- To develop a Jewish person who believes that the Torah tradition is a guide for his/her interaction with other human beings; in other words, to teach the values of Judaism.
- To develop a Jewish person who has a sense of belonging to the Jewish people.
- To develop a Jewish person who behaves in a manner responsive to the Torah’s tradition and sees the world as potentially responsive to his needs and who recognizes that each person has the ability and responsibility to take care of the world by the way he acts toward other human beings.
Using Hebrew as a Judaic value the teacher will, at all times, set herself up as a “role model,” “a living example” to her students instilling in them first and foremost a positive feeling about being Jewish. The teacher will individualize her lessons every day and remember that the major goal is to create a positive feeling within her students—regardless of their academic abilities—about being a Jew.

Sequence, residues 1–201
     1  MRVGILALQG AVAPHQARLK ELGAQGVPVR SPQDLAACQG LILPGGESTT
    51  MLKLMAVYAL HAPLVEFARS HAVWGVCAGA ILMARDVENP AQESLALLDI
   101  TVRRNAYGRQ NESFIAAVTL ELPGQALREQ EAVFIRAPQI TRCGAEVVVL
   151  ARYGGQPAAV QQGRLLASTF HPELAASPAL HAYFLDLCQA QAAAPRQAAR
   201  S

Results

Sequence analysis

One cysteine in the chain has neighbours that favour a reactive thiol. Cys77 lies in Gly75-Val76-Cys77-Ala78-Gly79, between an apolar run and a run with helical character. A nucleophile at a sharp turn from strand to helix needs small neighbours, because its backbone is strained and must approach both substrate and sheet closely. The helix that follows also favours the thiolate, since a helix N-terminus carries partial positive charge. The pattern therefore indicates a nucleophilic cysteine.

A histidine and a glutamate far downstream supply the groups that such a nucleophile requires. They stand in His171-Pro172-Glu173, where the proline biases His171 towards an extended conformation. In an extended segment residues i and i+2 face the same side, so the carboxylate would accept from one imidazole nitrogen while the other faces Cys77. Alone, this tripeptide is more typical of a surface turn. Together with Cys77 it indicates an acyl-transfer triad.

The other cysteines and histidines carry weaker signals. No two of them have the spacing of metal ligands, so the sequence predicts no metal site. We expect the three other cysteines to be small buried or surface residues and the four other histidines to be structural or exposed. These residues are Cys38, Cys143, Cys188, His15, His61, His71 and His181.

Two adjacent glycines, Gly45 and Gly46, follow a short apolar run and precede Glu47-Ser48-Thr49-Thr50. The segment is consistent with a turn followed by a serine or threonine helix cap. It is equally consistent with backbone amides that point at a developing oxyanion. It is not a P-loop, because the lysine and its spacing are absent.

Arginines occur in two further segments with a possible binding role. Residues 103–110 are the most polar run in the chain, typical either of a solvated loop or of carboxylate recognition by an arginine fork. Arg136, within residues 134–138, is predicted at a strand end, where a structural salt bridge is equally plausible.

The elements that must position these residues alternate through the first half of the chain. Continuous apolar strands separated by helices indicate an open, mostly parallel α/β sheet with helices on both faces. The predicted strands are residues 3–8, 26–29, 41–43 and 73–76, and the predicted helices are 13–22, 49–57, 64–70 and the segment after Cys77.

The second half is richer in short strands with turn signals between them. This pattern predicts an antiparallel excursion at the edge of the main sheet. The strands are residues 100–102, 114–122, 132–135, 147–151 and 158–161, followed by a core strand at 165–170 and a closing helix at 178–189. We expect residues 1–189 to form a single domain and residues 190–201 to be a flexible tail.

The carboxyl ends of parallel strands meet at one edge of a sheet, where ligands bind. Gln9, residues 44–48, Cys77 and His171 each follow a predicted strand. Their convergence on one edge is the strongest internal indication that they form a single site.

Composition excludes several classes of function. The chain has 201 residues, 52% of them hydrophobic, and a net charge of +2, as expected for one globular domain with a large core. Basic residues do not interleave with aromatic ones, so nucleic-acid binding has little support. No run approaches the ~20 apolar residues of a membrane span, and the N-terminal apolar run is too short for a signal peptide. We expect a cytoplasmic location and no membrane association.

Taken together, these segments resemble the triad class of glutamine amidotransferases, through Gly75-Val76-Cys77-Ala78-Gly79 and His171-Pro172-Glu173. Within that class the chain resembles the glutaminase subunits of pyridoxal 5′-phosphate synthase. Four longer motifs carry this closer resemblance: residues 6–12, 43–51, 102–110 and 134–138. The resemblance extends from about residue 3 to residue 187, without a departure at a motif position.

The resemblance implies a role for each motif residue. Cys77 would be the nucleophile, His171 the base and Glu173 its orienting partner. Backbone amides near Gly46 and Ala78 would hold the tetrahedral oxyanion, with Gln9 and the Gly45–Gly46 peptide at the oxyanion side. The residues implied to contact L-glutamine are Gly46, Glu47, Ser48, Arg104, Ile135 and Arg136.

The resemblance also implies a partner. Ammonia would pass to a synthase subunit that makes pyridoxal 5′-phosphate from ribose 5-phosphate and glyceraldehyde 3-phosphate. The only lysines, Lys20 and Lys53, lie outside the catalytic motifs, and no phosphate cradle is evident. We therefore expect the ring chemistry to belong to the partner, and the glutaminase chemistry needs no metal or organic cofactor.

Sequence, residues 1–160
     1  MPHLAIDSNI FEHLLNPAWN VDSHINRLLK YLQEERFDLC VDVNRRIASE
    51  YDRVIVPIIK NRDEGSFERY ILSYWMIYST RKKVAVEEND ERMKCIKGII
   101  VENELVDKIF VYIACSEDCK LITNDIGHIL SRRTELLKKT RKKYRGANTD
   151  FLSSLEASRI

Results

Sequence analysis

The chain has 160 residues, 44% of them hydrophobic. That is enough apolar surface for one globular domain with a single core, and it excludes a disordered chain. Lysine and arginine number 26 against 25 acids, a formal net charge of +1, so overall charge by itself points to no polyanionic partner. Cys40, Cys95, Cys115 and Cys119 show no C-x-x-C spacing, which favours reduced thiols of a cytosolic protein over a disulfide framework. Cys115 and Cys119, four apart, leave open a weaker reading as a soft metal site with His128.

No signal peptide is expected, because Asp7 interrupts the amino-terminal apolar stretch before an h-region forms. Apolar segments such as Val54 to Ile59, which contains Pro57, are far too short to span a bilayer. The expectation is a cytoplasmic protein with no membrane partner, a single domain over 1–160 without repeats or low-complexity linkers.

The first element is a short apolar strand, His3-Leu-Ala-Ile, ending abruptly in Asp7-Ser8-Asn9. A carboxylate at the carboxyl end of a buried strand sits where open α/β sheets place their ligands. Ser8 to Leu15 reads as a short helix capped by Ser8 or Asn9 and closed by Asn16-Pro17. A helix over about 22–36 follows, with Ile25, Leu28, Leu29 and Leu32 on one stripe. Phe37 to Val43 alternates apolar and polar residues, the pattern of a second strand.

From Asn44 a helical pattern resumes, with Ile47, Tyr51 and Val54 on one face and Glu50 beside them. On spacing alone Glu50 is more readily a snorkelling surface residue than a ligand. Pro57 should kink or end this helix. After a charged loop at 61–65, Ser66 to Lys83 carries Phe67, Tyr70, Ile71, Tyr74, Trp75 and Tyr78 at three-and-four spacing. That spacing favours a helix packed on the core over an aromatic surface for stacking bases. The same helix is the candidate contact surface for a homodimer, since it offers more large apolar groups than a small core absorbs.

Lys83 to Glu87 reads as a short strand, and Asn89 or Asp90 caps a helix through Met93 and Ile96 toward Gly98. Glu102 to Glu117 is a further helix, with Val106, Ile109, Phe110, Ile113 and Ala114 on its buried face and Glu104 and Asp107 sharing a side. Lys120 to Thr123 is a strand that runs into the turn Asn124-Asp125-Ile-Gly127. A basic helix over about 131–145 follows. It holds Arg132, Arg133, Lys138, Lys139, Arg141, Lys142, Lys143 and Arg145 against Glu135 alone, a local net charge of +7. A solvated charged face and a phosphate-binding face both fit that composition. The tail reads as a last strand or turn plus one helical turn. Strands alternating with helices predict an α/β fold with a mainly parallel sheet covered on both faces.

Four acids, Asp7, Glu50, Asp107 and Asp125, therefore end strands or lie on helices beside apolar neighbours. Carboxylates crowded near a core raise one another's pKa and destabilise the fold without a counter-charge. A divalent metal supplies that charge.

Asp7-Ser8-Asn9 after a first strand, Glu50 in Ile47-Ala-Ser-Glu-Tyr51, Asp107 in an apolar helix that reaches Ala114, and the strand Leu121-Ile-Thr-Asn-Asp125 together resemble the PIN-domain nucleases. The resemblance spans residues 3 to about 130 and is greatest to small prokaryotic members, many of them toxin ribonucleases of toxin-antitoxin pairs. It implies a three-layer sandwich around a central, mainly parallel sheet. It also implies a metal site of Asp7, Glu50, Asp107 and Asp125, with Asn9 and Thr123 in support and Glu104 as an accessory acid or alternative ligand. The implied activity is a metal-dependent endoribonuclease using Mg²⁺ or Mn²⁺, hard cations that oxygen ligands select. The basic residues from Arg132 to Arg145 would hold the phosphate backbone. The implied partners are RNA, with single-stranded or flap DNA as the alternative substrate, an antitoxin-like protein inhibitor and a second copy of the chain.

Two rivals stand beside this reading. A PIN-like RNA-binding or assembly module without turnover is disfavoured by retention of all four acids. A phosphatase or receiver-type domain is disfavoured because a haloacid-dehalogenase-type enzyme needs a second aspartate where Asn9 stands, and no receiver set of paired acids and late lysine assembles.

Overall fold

The teacher will see herself as selling “something” and what she is selling is not so much the knowledge of Hebrew as the joy of being a Jew. The teacher will utilize all aids at her disposal, such as music, art, games and whenever necessary, transliteration.
Long after our students leave us, they may forget the Hebrew they have learned, but what we are aiming to leave them with is a feeling of wanting to pass on the chain of Jewish tradition to their children forever and ever.
For more information about addressing issues on inclusion in your congregation, visit the Disabilities section of URJ's Caring Community web page.